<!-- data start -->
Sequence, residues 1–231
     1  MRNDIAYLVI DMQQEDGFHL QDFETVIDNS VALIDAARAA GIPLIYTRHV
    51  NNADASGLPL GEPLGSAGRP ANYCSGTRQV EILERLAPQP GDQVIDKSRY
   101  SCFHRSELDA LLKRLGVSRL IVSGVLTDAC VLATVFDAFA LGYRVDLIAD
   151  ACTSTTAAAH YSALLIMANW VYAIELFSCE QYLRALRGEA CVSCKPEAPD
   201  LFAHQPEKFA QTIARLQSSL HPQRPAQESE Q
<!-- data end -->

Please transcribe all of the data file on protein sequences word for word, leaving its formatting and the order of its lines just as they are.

Sequence, residues 1–231
     1  MRNDIAYLVI DMQQEDGFHL QDFETVIDNS VALIDAARAA GIPLIYTRHV
    51  NNADASGLPL GEPLGSAGRP ANYCSGTRQV EILERLAPQP GDQVIDKSRY
   101  SCFHRSELDA LLKRLGVSRL IVSGVLTDAC VLATVFDAFA LGYRVDLIAD
   151  ACTSTTAAAH YSALLIMANW VYAIELFSCE QYLRALRGEA CVSCKPEAPD
   201  LFAHQPEKFA QTIARLQSSL HPQRPAQESE Q